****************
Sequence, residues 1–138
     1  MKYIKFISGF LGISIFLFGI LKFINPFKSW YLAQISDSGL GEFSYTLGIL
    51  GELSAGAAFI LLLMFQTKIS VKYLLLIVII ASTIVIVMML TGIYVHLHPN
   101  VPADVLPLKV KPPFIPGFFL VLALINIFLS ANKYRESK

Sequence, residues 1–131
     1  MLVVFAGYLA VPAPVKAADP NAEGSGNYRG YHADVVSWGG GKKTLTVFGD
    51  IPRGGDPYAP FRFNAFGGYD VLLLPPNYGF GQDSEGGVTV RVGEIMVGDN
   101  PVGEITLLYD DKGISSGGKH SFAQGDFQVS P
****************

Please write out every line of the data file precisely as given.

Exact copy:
Sequence, residues 1–138
     1  MKYIKFISGF LGISIFLFGI LKFINPFKSW YLAQISDSGL GEFSYTLGIL
    51  GELSAGAAFI LLLMFQTKIS VKYLLLIVII ASTIVIVMML TGIYVHLHPN
   101  VPADVLPLKV KPPFIPGFFL VLALINIFLS ANKYRESK

Sequence, residues 1–131
     1  MLVVFAGYLA VPAPVKAADP NAEGSGNYRG YHADVVSWGG GKKTLTVFGD
    51  IPRGGDPYAP FRFNAFGGYD VLLLPPNYGF GQDSEGGVTV RVGEIMVGDN
   101  PVGEITLLYD DKGISSGGKH SFAQGDFQVS P